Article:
Monday, 14 June 2021
Counterfeiting Bill 2020: Second Stage
I thank the Senators for their valuable contributions to the debate. While the Bill, for the most part, is technical in nature, its subject matter is very important and it also tangentially touches on very important issues.
Regarding the delay in bringing forward the Bill, when I was appointed as Minister of State last September, a significant number of EU directives needed to be transposed. With great thanks to the departmental officials and with the support of the Seanad, we have been able to clear out a significant number of those, including the Criminal Justice (Mutual Recognition of Decisions on Supervision Measures) Act, the Criminal Justice (Money Laundering and Terrorist Financing) Act and the Criminal Justice (Theft and Fraud Offences) (Amendment) Act 2021. There was a backlog and a delay but we are working hard to clear that backlog and we have gone a significant way towards doing that, and we are also dealing with this Bill today.
On the issue of white-collar crime and online corruption and crime, I reference some of those Bills we passed. The Criminal Justice (Money Laundering Terrorist Financing) Bill, which was signed by the President and enacted, seeks to tackle and update our laws in line with the EU on tackling online money laundering and terrorist financing. Cross-border measures and co-operation are fundamental. Criminals are operating cross-border and on an international scale. States need to work and co-operate together. Similarly, the Criminal Justice (Theft and Fraud Offences) (Amendment) Act 2021 also seeks to tackle corruption that may be happening within the Union. The Minister, Deputy McEntee, published the Hamilton review and it forms a fundamental part of the justice plan of 2021 in tackling corruption and white-collar crime. That would include any online aspects. The Minister published a cross-governmental plan on implementing the review on 19 April 2021. This sets out 22 actions to be implemented over the next 18 months. It is a very comprehensive plan which will target a great deal white-collar crime and corruption. I echo the sentiments of Senator Boyhan in thanking the Garda National Economic Crime Bureau for its sterling work in this area. It will see its number of officers rise from 46 to 112 as well as a significant investment in ICT to enable the bureau to target online white collar crime and corruption.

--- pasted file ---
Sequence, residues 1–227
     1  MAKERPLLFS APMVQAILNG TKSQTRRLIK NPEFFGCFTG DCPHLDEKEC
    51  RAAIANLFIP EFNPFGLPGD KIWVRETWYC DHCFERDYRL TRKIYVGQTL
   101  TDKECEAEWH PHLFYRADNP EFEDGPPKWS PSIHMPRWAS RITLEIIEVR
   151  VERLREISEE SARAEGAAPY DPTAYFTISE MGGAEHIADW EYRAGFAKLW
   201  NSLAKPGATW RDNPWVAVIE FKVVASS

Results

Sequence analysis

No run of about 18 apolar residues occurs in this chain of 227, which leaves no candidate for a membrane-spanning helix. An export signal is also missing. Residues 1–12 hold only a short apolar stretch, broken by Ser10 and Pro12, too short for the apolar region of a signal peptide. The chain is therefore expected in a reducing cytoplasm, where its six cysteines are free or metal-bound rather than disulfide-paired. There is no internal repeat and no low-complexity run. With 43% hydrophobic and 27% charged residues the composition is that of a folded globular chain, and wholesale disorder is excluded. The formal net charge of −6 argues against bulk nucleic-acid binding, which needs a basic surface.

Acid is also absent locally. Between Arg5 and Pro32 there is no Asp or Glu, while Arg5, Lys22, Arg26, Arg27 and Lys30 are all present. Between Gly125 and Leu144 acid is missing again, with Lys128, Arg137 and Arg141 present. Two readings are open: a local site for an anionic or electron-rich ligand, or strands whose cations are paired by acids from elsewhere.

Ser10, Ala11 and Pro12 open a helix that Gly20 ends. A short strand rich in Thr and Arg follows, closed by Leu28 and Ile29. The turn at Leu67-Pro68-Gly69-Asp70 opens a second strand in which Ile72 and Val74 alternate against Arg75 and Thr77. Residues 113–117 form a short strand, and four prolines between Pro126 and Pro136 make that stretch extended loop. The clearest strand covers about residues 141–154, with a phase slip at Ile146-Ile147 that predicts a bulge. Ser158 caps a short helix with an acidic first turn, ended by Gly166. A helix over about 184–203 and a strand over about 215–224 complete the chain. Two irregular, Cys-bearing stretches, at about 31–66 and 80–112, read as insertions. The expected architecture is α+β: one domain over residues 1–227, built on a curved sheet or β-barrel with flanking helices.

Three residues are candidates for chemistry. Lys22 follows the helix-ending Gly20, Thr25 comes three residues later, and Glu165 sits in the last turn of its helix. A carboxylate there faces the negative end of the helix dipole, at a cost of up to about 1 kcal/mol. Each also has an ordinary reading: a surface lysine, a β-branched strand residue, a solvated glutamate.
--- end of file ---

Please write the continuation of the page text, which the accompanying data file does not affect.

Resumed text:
In accordance with the obligations under the Treaty on the Functioning of the European Union, TFEU, and the European System of Central Banks, ESCB, statute, the ECB was consulted by my colleague, the Minister for Finance, on this Bill and an opinion from the ECB was received in February. This opinion was supportive of the Bill in general stating that the ECB welcomed the draft law, which will ensure the preservation of euro banknotes and coins in circulation resulting in continued public confidence in euro banknotes. The opinion, however, noted the CBI should be remunerated for its task regarding euro coins and, in particular, relating to the protection of the euro against counterfeiting, and there was a note of concern that this was only partially done at present. That matter was raised by Deputy Howlin in the Dáil and we addressed it then. An amendment was accepted on Report Stage in the Dáil to address any outstanding concerns regarding the ECB.
I am happy to engage with the Senators on this Bill. It is an important one that we can deal with as quickly as possible. I am happy to address any concerns Senators may have.